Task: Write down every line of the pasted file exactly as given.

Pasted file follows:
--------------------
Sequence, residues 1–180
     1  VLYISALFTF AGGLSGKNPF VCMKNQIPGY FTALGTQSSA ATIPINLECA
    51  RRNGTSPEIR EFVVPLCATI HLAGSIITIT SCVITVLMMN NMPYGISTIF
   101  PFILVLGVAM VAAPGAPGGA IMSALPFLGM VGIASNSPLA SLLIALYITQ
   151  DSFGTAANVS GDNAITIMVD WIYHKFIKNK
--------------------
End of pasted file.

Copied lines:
Sequence, residues 1–180
     1  VLYISALFTF AGGLSGKNPF VCMKNQIPGY FTALGTQSSA ATIPINLECA
    51  RRNGTSPEIR EFVVPLCATI HLAGSIITIT SCVITVLMMN NMPYGISTIF
   101  PFILVLGVAM VAAPGAPGGA IMSALPFLGM VGIASNSPLA SLLIALYITQ
   151  DSFGTAANVS GDNAITIMVD WIYHKFIKNK